5. Any party may make an audio and/or video recording of the hearing at that party’s own cost and expense.

 6. A transcript of the hearing shall be paid for by the party requesting same or shared by the parties if both sides so request a copy.

7. Any party needing a language interpreter or sign language presenter may bring such interpreter and/or sign language presenter to the hearing at that party’s own cost and expense. 

8. All documentary evidence to be presented at the hearing by any party must be delivered to the opposing party not less than 5 days prior to the hearing along with a list of all proposed witnesses except that the alleged violator(s) may testify without being included on a witness list.

9. An alleged violator may challenge any member of the proposed hearing panel for bias or conflict of interest or for any disqualification permitted under NRS 116. 

10. The alleged violator may make a rebuttal at the end of the presentation of all evidence and all parties shall have the opportunity to address the hearing panel with a summation at the end of the presentation of all evidence. 

11. The hearing panel, by majority decision thereof, must render its decision within 10 days .

12. The decision of the hearing panel must be mailed in writing to all parties by regular mail within  10 days of its rendering along with an explanation as to a party’s right to appeal and setting out the applicable appeal procedure.

13. A unit owner shall be entitled to appeal a decision of the Board under the Real Estate Division’s Mediation Program as per NRS 38.300-360.

 14. No additional fines shall accrue while the decision is under appeal through the Mediation Program.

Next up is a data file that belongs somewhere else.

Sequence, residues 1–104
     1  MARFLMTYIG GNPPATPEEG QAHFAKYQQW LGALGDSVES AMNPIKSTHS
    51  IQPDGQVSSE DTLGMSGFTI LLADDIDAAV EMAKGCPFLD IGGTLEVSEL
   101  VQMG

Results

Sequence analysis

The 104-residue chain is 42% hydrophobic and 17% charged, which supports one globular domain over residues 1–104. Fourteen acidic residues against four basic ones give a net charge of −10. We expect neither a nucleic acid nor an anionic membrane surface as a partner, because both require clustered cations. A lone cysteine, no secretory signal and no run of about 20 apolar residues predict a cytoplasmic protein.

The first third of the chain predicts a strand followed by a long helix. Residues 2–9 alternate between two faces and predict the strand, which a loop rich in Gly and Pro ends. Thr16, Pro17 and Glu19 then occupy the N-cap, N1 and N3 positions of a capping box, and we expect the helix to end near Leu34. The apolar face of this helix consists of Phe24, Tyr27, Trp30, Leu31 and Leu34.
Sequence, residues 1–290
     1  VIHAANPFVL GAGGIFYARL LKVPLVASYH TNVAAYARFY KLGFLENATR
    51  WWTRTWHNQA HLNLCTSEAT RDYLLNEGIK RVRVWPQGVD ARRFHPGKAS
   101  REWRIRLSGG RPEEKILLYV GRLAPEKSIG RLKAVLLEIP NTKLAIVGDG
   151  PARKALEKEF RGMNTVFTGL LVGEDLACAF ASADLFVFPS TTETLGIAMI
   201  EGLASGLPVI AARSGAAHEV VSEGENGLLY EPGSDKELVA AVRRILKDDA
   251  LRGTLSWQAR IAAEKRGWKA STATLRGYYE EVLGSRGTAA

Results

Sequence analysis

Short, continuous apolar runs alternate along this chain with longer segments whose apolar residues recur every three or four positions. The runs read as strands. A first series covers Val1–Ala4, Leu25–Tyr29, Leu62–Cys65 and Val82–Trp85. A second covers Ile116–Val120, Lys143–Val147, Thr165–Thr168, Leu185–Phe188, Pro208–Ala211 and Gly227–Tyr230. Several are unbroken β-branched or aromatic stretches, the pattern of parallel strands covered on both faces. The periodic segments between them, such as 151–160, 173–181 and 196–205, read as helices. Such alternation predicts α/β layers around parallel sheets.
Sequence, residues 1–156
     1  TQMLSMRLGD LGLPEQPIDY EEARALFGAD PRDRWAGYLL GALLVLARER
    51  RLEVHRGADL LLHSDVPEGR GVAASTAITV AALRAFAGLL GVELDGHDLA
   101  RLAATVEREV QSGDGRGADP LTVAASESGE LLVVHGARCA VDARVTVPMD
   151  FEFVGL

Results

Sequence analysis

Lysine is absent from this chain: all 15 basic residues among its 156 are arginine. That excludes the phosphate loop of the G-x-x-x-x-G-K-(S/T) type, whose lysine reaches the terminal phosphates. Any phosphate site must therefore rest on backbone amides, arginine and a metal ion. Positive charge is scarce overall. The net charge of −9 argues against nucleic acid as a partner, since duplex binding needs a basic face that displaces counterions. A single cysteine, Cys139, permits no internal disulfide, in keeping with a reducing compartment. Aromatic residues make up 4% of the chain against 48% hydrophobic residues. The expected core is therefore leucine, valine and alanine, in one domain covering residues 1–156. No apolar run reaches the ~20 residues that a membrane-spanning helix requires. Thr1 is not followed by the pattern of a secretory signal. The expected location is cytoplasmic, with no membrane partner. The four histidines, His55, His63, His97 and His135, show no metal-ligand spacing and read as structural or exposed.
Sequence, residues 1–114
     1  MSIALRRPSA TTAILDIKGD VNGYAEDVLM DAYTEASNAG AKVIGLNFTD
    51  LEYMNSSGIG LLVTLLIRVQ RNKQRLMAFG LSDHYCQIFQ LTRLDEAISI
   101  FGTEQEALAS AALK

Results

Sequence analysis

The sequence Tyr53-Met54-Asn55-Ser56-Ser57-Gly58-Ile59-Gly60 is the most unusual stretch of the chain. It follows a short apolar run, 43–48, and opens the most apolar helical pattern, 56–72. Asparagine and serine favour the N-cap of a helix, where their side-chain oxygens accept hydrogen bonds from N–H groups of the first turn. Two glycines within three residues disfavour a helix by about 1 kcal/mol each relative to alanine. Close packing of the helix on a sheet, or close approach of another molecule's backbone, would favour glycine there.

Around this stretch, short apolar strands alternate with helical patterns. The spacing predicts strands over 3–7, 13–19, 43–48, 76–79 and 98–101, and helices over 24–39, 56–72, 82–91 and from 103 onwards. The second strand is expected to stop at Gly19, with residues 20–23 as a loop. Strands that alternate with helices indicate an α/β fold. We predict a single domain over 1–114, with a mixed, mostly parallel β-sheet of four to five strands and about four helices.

15. Each side shall be responsible for their own fees and costs.

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About

Ward Lucas is a longtime investigative journalist and television news anchor. He has won more than 70 national and regional awards for Excellence in Journalism, Creative Writing and community involvement. His new book, "Neighbors At War: the Creepy Case Against Your Homeowners Association," is now available for purchase. In it, he discusses the American homeowners association movement, from its racist origins, to its transformation into a lucrative money machine for the nation's legal industry. From scams to outright violence to foreclosures and neighborhood collapses across the country, the reader will find this book enormously compelling and a necessary read for every homeowner. Knowledge is self-defense. No homeowner contemplating life in an HOA should neglect reading this book. No HOA board officer should overlook this examination of the pitfalls in HOA management. And no lawyer representing either side in an HOA dispute should gloss over what homeowners are saying or believing about the lawsuit industry.

8 thoughts on “Due Process? Screw Process!

  1. Giles